New standard of care for VTE

By ANMJ Staff|
2018-10-17T09:31:42+00:00
October 11th, 2018|

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The first national standard of care for venous thromboembolism (VTE) has been released ahead of World Thrombosis Day on Saturday 13 October.


The Venous Thromboembolism Prevention Clinical Care Standard was developed by the Australian Commission on Safety and Quality in Health Care (the Commission).

The standard translates international guidelines and evidence into clinical practice to reduce avoidable death or disability caused by hospital-acquired VTE.

Each year 30,000 Australians develop VTE; and an estimated 5,000 die from hospital-acquired VTE.

While up to 60% of all VTE cases in Australia occur within 90 days of hospitalisation, intervention is estimated to reduce the incidence of VTE by up to 70%.

Clinical Director at the Commission Associate Professor Amanda Walker said an Australian report found that fewer than half (44%) of clinical units surveyed assessed patients for their risk of developing VTE on admission to hospital.

“Of those who were assessed to be at risk, not all were offered VTE prevention.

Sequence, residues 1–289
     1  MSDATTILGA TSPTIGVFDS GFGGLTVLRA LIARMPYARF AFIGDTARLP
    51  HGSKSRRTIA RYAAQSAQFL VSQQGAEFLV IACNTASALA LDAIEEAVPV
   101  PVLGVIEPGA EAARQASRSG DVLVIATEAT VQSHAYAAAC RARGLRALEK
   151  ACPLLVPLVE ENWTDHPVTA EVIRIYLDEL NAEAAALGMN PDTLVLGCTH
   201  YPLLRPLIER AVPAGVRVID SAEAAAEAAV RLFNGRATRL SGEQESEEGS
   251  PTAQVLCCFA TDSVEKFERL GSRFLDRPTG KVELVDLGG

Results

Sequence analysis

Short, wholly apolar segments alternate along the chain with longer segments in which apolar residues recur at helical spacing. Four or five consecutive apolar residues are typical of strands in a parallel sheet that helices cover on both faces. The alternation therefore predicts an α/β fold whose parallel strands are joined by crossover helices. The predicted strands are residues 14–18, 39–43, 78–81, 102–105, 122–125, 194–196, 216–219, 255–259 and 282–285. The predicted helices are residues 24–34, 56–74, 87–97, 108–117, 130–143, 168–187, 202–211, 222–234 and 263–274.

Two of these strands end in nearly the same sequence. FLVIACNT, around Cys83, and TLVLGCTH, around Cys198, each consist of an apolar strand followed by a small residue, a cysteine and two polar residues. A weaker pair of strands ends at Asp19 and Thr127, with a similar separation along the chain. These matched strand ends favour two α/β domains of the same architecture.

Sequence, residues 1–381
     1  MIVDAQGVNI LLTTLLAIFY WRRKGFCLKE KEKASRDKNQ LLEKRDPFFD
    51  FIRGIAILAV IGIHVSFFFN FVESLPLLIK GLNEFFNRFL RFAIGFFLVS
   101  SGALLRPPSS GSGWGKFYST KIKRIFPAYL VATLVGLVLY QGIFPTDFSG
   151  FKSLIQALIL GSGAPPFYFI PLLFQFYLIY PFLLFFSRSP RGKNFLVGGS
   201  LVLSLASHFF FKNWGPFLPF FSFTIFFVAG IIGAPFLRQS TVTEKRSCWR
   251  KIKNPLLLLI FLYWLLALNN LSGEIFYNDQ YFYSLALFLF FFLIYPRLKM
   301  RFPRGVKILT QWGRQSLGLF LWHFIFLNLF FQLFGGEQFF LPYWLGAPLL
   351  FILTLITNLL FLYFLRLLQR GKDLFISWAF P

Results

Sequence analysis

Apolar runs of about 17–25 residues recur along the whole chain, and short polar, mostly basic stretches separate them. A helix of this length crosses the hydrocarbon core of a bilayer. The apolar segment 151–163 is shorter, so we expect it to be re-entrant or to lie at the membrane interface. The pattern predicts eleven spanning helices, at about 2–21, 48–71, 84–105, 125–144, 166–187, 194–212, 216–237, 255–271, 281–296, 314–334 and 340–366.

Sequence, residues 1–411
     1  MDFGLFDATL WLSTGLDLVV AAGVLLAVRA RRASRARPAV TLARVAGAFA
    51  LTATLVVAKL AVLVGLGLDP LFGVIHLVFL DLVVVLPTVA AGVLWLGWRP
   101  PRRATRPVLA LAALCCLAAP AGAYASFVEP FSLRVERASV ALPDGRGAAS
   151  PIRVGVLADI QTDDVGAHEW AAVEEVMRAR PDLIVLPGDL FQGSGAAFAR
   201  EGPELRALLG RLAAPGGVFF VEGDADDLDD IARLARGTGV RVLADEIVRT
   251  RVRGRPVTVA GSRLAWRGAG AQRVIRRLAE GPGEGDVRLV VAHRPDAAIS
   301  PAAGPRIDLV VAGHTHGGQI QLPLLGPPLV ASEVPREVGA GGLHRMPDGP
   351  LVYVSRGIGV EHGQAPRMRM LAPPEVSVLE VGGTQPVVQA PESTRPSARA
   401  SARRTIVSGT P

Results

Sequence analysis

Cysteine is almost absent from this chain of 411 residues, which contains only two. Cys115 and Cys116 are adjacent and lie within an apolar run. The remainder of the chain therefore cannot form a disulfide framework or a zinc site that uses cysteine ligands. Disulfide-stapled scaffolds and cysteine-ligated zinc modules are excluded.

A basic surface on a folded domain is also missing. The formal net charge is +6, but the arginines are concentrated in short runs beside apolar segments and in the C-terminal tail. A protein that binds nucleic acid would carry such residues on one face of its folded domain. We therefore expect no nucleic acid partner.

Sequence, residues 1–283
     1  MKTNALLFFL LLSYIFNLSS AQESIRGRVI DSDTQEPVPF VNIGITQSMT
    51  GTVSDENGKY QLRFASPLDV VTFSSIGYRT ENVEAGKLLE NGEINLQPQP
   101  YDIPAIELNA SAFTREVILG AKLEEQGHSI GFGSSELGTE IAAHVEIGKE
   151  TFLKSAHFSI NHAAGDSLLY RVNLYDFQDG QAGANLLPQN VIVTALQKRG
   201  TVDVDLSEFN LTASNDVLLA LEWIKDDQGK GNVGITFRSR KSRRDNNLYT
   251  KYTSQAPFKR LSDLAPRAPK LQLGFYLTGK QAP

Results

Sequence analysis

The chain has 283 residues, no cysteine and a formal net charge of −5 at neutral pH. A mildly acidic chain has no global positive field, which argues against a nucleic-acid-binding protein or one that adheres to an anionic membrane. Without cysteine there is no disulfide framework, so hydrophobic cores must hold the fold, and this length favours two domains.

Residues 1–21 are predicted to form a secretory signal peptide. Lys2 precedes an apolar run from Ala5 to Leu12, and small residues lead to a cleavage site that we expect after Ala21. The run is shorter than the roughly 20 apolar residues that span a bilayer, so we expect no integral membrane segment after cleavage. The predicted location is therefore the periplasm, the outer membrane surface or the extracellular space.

“We can do better and the new standard aims to support clinicians and health services to deliver quality care to prevent blood clots in hospital and following discharge.”

Appropriate VTE prevention was arguably the top intervention hospitals could make to improve patient safety, Associate Professor Walker said.

The new standard would help close the gap between guideline recommendations and practice and procedures in the hospital setting, The Alfred Hospital’s Head of Haemostasis and Thrombosis Unit Associate Professor Huyen Tran said.

“It’s clear that we can reduce the rate of blood clots significantly through timely assessments that are documented and discussed with the patient, and appropriate use of prevention methods such as medicine, during and after discharge from hospital.

“It is shocking to consider that patients who have been admitted to hospital are at 100 times greater risk of developing a blood clot. This is a little known killer but one of the biggest preventable health threats facing Australians.”

Facts sheets on the new standard can be found on the Commission’s website: www.safetyandquality.gov.au

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